We're Here to Help 720.891.4657

We're Here to Help   720.891.4657

The Fitness Effect: How and Why Exercise Helps with Depression

A group of people walking and running through a public park in the morning.
Exercise can help ease symptoms of depression and anxiety.

Suffering from depression is like viewing the world through a gray lens. As you go through your daily routine, everything seems darker. Work is less fulfilling, sunny days are less enjoyable and you have no interest in hobbies and activities you once loved.

You’ve tried to snap out of it and shake off the depression, but to no avail. Maybe the anti-depressants your doctor provided made you feel worse. Or perhaps you’ve gone so far as to try alcohol or drugs to ease your depression symptoms.

Depression has a way of making you feel trapped. But there is a natural solution that can help you feel alive again: exercise. This article will explore how exercise combats depression and why it can be so effective.

What are the Effects of Depression?

First things first, let’s review what depression is and how it’s caused. In the simplest sense, depression is a mood disorder that effects how you think, feel and behave. It can include persistent feelings of sadness and hopelessness, break down your self esteem, make you feel worthless and even cause suicidal thoughts or actions.

While it’s not clear what causes depression, neuroscience has shown that depression affects three parts of the brain:

  • The hippocampus – The hippocampus is responsible for the production and regulation of a hormone called cortisol during times of stress. Those with depression are exposed to increased levels of cortisol, which can lead to memory problems.
  • The prefrontal cortex – The increased cortisol levels cause the prefrontal cortex to shrink, affecting an individual’s emotions and decision-making.
  • The amygdala – In contrast, the increased cortisol levels cause the amygdala to enlarge. This negatively impacts a person’s sleep and activity patterns.

When these parts of the brain are affected, the physical symptoms of depression like trouble sleeping, an inability to concentrate or manage emotions, and a lack of energy occur.

View Photos Of Our Ranch

What Happens When You Exercise?

Depression may have significant effects on the brain, but so does exercise. In fact, research and studies have shown that regular exercise can actually improve brain health.

Let’s use cardio exercise as the example. When you participate in exercises like running, biking or swimming, you increase your heart rate. An increased heart rate pumps more blood and oxygen to the brain, which leads to increased production of neurons that help improve memory function.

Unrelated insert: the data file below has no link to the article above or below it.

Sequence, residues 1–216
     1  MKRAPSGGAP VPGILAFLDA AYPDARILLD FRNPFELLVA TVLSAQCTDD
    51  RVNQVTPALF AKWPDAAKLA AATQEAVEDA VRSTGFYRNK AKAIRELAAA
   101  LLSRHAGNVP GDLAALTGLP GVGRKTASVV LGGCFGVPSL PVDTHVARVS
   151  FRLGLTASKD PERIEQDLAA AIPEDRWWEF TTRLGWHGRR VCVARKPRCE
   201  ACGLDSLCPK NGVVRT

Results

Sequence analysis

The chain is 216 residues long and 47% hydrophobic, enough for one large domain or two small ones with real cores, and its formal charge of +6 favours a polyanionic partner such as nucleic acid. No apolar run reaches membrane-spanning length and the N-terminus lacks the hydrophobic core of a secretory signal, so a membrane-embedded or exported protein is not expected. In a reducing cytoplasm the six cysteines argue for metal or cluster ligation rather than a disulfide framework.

Research has also found that exercise increases serotonin and norepinephrine, neurotransmitters in the brain responsible for regulating mood and information processing. In other words, exercise literally alters your brain to help you feel better.

How Does Exercise Fight Depression?

We know exercise is good for us, but does it provide enough value to counter the devastating effects of depression? The science suggests that it does.

Depression prevents the growth of neurons, which play a key role in important brain functions like memory. It shrinks the hippocampus and prevents healthy nerve cell growth. Exercise can actually reverse these effects by jumpstarting nerve cell growth and nerve cell connections to support the hippocampus, protect memory and decision-making functions and improve your mood.

Since depression affects your energy levels and takes away any interest in being active, the challenge is actually getting yourself to exercise to help relieve depression symptoms. If you’re struggling with depression and can’t seem to motivate yourself to exercise, join a running club, invest in a gym membership or schedule daily workouts with friends and family.

Exercising with a group or using the price of a gym membership as additional motivation can help you keep your depression at bay.

The Raleigh House Can Help You Fight Depression and Addiction

We know exercise isn’t going to magically cure your depression once and for all. It can still be an ongoing struggle, and maybe you turned to alcohol or drug abuse to cope with your symptoms. If this is the case, The Raleigh House offers dual diagnosis treatment to help you find more productive ways to cope with depression.

If you’re ready to overcome depression and addiction and get back to a happy, fulfilling life, fill out our form or contact us today to learn more about our treatment programs.

Call Now: 720-891-4657

Related Posts

The Link Between Avoidance Personality Disorder and Substance Abuse

Addiction and the Brain: How Neurodiversity Plays a Role

The Differences Between Bipolar Disorder and Depression

Copyright © 2024 The Raleigh House LLC. All rights reserved. | Privacy Policy | HIPAA Notice of Privacy | Accessibility Statement | Sitemap

Have questions? We're here to help